French Pensioner Accidentally Ejects Himself From Fighter Jet Plane During Retirement "Gift"

Rafale-B fighter jet. Wikimedia

Rachael Funnell 15 Apr 2020, 15:16

A French pensioner received a retirement gift he’d never forget when his colleagues decided to send him on a fighter jet experience day. The once-in-a-lifetime experience swiftly became a please-don’t-make-me-do-that-again one, when an unfortunate series of events ended in the reluctant 64-year-old passenger accidentally ejecting himself from the plane. Both the pilot and passenger landed safely, leaving us free to appreciate the magnificent comic timing of a story you couldn’t make up.

On March 20, 2019, an employee at a defense manufacturer was “treated” to a retirement gift that would see him reluctantly board a two-seat Rafale-B French Air Force fighter jet from the Saint-Dizier 113 airbase, in eastern France. The unnamed gentleman, who according to France’s BEA-E aviation investigator report had never expressed a passion for flying “and in particular on a Rafale”, was unprepared, to say the least. What happened next is listed in full in this report, which is in French, with translated details listed on Aerotime Hub.

Just four hours before preparations for takeoff began, the man was cleared for flying by a medic and informed he’d be joining a sortie of three Rafales for a military training flight. Usually, this exam is done 10 days ahead to allow sufficient mental preparation for the flight, but restrictions were relaxed as it’d been agreed that the passenger wouldn’t be exposed to negative forces. This information was, crucially, not communicated to the pilot. Readings from the man’s smartwatch gave an indication of his state of mind ahead of flying, with a less than restful heart rate between 136-142 BPM (normal range is 60-100 BPM).

Fighter jets travel at immense speeds and change direction swiftly, which triggers a sensory rollercoaster for the passengers inside as a result of the load factor. When you experience a positive load factor (+G) you feel heavier, and when you experience a negative load factor (-G) you feel lighter. Commercial planes adopt a gentle ascent of about 10°-15° generating a load factor of around +0.4G. For our inexperienced Frenchman, the Rafale carried out a 47° take off with a load factor of around +4G. This somewhat alarming maneuver was then compounded by the pilot leveling off the plane, creating a negative load factor of about -0.6G. Something all had assured him wouldn’t happen.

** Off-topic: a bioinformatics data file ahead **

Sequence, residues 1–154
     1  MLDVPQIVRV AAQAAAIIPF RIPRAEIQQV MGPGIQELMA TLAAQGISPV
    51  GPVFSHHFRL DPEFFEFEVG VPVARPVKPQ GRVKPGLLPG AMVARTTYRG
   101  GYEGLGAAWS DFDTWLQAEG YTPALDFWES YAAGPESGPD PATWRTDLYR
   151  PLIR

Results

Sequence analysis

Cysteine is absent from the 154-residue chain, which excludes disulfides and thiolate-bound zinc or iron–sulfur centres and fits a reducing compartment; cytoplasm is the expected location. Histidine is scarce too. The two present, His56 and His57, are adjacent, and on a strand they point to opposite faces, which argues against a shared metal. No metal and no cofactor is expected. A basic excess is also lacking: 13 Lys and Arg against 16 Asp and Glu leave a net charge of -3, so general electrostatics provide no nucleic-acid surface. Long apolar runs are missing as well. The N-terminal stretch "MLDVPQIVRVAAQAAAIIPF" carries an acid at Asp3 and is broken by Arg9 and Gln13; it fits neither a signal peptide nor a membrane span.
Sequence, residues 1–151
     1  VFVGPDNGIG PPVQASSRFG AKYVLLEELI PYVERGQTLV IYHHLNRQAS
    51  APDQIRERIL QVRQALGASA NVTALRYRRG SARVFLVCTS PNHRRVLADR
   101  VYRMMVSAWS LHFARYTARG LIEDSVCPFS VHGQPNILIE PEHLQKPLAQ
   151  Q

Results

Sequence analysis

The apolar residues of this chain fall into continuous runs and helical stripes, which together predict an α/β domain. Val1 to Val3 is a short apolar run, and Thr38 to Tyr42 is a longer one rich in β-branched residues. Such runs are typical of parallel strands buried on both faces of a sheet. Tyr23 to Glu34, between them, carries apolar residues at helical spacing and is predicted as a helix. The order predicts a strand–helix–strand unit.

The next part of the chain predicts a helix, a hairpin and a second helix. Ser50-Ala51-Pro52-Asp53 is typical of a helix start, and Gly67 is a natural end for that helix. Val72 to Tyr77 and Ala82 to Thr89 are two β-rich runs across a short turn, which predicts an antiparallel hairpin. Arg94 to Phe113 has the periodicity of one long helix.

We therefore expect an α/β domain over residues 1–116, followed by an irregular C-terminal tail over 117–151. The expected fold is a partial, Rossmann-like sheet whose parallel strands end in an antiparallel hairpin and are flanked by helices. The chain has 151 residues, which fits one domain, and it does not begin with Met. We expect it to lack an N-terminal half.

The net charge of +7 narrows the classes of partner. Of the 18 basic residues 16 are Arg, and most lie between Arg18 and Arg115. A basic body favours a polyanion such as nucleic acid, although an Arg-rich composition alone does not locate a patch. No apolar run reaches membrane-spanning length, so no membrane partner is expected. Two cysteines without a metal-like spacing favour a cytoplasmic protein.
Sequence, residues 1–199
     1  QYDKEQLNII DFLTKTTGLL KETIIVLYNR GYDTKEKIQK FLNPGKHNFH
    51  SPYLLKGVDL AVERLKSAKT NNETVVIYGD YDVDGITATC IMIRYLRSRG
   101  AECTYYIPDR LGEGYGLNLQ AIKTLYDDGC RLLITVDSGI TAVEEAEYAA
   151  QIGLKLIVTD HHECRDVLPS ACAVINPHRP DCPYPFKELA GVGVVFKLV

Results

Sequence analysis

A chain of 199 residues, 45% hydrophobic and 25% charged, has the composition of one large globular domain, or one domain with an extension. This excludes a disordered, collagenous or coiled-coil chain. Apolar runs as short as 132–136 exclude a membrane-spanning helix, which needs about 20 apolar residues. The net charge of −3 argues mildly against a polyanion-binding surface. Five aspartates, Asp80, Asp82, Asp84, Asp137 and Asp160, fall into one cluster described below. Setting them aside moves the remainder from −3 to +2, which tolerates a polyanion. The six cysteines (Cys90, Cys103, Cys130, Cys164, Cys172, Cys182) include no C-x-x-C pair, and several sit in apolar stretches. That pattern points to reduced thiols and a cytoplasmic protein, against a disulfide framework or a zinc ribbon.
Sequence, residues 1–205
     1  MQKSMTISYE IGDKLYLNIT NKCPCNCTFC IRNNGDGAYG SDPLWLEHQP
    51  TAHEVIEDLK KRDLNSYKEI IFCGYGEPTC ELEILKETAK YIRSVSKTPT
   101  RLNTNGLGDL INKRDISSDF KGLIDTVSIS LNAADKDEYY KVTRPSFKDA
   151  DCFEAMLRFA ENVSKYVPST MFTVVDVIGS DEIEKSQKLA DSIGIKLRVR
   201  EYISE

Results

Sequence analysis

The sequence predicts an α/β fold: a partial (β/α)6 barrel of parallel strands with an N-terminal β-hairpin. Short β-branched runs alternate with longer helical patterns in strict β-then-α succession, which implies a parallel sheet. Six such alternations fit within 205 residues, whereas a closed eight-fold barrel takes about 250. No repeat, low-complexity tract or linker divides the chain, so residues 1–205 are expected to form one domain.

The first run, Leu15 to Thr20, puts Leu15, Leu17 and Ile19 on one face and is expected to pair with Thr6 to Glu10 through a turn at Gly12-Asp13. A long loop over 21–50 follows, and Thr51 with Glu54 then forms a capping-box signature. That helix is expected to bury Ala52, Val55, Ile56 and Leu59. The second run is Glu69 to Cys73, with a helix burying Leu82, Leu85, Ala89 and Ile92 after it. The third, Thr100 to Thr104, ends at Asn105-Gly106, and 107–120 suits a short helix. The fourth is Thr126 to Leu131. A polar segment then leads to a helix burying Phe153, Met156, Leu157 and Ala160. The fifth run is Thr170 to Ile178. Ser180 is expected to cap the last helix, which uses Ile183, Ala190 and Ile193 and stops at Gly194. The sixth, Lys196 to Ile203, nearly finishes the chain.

Fueled by peer pressure, the passenger had essentially boarded the plane himself, meaning installation checks went... unchecked. As a result, he underwent the ordeal loose in his seat with his anti-g pants, helmet and oxygen mask on incorrectly. It’s unsurprising, then, that when the take-off all got a bit much he tried to cling for dear life to the nearest solid object. As it turned out, this was the ejector handle. Flung from the aircraft with a bang, the Frenchman suffered one final insult as his loosely fitted oxygen mask and helmet were éjecter from his head.

Back in the now half empty plane, the baffled pilot made a swift return to the airbase all the while knowing his own seat could eject at any time. The Rafale-B command ejection system usually catapults both passengers in the event of one crew member pulling the handle. Fortunately, the only positive technical error to occur on the flight kept the pilot in place long enough to land and safely evacuate the aircraft.

A report from the BEA-E concluded that peer pressure and poor preparation meant "the margins of decision left to the passenger to possibly refuse the flight are perceived as almost nonexistent". They reminded the military authorities and Dassault Aviation to in future respect the 10-day rule between the medical and flight, to avoid inflicting negative pay loads on any future flustered Frenchmen without their pants on.

The lesson: be wary of anyone offering you a great send off. They might really mean it.

[H/T The Register]

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